Tesla was the catalyst; today, most major car manufacturers are readying all-electric vehicles. But the market success of zero-emissions vehicles is not assured. Ultimately it will hinge on technological advances in battery technology, on infrastructure – a network of fast-charging stations, for example — and on government mandates.
Meanwhile, the electrification of automotive transportation is proceeding apace in the areas of driving automation, safety, comfort and convenience. The motive force behind these advances are integrated circuits that sense conditions, drive actuators, convert signals, enable vehicles to communicate and make decisions, often without involving the driver.
In gasoline-powered vehicles ICs are steadily improving fuel efficiency through various techniques: Stopping the engine when it idles, recovering energy during braking and maintaining steady speeds while driving. Semiconductor-enabled, weight-reduction technologies like drive by wire, shift by wire and brake by wire further reduce fuel consumption.
In “mild hybrids” auto makers are moving toward dual-voltage systems: A 48-V battery runs power-hungry systems — starter/generator, supercharger or turbocharger, fuel pump, water pump, cooling fan – while a conventional 12-V powers lights and wipers. An even higher voltage is required for electric super-/turbocharging.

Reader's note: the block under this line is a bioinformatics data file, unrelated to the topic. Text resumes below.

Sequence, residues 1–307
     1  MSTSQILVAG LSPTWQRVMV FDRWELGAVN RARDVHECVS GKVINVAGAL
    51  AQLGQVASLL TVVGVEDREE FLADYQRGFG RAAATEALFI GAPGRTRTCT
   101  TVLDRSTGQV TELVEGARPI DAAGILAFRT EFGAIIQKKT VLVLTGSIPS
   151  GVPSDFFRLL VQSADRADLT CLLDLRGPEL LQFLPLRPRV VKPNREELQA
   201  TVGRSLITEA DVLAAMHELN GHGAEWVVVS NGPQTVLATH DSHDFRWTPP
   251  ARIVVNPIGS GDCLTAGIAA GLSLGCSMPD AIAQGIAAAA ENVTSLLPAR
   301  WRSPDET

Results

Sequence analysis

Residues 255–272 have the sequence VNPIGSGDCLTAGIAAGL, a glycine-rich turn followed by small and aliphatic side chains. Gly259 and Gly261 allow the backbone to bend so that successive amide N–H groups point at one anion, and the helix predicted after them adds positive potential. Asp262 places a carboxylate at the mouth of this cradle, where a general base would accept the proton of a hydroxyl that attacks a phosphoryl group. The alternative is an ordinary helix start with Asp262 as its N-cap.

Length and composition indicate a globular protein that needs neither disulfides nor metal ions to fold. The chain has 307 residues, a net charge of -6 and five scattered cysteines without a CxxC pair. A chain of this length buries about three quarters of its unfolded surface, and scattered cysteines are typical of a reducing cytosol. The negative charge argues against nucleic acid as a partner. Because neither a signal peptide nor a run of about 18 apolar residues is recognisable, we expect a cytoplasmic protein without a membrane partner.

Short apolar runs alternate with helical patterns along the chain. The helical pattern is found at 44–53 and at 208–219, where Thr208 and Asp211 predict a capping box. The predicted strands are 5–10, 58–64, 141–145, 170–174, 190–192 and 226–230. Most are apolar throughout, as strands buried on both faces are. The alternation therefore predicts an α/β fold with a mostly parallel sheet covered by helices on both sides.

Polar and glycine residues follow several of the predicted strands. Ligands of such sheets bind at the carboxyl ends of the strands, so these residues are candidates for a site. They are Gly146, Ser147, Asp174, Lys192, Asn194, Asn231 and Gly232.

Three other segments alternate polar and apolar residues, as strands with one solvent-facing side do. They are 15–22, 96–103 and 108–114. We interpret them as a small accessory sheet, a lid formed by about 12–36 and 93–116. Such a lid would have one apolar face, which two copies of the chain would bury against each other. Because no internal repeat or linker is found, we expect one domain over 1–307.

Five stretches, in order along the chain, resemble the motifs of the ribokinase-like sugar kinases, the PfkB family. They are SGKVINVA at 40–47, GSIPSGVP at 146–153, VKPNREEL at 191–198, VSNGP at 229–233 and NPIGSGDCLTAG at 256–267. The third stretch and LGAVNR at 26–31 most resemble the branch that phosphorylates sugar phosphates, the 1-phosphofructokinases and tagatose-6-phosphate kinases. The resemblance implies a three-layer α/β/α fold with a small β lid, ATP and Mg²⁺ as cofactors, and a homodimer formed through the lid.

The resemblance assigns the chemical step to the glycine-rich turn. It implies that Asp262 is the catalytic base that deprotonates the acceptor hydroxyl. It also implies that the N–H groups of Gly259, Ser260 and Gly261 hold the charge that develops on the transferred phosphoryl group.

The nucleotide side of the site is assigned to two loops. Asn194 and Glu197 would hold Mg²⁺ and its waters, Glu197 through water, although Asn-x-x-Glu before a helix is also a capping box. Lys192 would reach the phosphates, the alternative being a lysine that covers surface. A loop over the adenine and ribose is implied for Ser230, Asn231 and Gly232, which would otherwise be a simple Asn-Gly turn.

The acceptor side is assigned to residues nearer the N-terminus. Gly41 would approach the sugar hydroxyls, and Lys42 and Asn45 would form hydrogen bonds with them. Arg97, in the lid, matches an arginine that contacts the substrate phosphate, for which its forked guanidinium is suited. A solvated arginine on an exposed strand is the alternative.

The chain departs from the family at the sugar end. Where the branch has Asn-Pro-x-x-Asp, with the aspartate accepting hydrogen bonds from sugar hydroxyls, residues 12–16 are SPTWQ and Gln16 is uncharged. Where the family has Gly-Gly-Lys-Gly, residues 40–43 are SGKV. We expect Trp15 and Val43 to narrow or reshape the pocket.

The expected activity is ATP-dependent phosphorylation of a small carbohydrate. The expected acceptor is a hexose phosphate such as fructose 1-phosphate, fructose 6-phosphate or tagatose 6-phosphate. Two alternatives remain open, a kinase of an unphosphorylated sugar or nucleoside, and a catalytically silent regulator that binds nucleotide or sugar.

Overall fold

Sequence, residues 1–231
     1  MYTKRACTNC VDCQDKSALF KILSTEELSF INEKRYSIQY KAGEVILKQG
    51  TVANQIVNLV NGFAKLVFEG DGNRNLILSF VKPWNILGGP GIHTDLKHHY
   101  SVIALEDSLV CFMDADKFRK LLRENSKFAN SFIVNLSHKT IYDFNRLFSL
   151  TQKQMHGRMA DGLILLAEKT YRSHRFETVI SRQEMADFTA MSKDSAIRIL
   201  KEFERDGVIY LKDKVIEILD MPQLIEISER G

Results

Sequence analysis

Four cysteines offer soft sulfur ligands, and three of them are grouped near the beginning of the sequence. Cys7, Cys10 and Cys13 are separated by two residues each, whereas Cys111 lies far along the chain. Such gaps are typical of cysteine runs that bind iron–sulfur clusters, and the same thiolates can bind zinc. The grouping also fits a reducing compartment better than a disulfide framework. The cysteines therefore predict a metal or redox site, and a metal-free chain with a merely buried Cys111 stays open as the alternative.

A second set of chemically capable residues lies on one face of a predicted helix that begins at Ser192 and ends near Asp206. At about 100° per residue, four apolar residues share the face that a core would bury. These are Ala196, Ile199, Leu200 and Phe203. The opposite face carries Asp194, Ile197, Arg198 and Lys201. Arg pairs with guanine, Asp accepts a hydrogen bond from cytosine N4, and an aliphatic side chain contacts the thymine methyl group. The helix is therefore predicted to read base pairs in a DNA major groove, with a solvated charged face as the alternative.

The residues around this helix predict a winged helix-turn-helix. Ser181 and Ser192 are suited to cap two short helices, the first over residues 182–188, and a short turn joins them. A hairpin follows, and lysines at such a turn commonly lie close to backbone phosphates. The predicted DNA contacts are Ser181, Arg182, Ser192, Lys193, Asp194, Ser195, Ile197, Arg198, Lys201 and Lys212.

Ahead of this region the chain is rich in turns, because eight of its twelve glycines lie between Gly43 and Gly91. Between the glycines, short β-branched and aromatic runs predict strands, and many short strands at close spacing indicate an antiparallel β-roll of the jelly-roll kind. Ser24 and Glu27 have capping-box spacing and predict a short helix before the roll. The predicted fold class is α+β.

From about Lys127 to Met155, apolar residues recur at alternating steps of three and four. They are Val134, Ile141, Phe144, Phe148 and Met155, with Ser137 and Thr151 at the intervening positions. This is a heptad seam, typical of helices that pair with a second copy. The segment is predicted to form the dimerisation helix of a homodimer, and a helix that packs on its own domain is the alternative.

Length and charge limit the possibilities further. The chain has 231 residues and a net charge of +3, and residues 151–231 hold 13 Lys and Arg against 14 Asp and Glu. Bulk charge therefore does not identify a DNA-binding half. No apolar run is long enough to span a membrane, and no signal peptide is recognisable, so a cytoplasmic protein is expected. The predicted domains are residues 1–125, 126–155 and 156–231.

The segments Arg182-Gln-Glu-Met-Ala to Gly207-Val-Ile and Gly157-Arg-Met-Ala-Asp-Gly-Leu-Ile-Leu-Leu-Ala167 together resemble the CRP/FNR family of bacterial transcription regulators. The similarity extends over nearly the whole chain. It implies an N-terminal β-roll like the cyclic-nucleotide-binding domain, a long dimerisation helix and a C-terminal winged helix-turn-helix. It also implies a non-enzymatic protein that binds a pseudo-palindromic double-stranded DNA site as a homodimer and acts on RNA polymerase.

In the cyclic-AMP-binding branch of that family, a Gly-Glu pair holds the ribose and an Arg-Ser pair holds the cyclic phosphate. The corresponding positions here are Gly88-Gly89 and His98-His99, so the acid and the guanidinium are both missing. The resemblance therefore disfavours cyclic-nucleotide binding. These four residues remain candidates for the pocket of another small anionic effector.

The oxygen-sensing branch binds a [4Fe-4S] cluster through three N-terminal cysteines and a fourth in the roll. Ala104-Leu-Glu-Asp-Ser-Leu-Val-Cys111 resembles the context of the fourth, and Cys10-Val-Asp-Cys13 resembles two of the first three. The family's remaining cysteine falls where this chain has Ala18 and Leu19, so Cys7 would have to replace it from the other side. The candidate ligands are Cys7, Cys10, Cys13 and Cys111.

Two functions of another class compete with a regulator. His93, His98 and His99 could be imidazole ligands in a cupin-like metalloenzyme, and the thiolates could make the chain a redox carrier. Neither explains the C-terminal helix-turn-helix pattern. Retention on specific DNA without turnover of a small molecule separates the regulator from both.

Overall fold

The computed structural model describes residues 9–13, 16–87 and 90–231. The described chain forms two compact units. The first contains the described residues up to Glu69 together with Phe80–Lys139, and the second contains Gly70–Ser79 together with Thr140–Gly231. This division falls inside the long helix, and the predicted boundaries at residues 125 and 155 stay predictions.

A mild hybrid does not provide independent electrical propulsion. To propel the car electrically – full hybrids, plug-in hybrids and EVs – a battery rated in the hundreds of volts is required, possibly supported by a lower voltage battery.
The automobile is not a friendly environment: ICs must operate reliably under extreme conditions of voltage, current, temperature and vibration. A further challenge in electrifying automobiles is dealing with high voltages safely. High voltages place stringent requirements on materials, processes, designs, packages, and qualification —the full gamut of IC technology.
Managing the batteries of hybrids and full electric vehicles is a key area for innovative high-voltage technologies. Read more about it in the white paper “Driving the green revolution in transportation.”